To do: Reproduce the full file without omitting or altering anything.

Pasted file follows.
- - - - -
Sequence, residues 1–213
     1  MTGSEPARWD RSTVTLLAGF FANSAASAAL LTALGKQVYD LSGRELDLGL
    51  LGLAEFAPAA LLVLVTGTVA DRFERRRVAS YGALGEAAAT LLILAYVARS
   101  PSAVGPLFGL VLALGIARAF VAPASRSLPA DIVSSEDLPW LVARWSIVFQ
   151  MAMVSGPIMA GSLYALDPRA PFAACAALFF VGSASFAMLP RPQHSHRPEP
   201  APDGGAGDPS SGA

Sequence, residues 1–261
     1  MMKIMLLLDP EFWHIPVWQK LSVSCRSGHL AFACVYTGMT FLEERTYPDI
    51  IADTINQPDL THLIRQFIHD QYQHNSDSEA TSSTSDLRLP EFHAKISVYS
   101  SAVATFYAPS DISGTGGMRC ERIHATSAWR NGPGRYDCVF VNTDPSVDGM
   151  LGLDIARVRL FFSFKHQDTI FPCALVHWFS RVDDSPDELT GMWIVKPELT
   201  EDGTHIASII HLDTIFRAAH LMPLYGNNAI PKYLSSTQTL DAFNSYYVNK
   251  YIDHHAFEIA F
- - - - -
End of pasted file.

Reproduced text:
Sequence, residues 1–213
     1  MTGSEPARWD RSTVTLLAGF FANSAASAAL LTALGKQVYD LSGRELDLGL
    51  LGLAEFAPAA LLVLVTGTVA DRFERRRVAS YGALGEAAAT LLILAYVARS
   101  PSAVGPLFGL VLALGIARAF VAPASRSLPA DIVSSEDLPW LVARWSIVFQ
   151  MAMVSGPIMA GSLYALDPRA PFAACAALFF VGSASFAMLP RPQHSHRPEP
   201  APDGGAGDPS SGA

Sequence, residues 1–261
     1  MMKIMLLLDP EFWHIPVWQK LSVSCRSGHL AFACVYTGMT FLEERTYPDI
    51  IADTINQPDL THLIRQFIHD QYQHNSDSEA TSSTSDLRLP EFHAKISVYS
   101  SAVATFYAPS DISGTGGMRC ERIHATSAWR NGPGRYDCVF VNTDPSVDGM
   151  LGLDIARVRL FFSFKHQDTI FPCALVHWFS RVDDSPDELT GMWIVKPELT
   201  EDGTHIASII HLDTIFRAAH LMPLYGNNAI PKYLSSTQTL DAFNSYYVNK
   251  YIDHHAFEIA F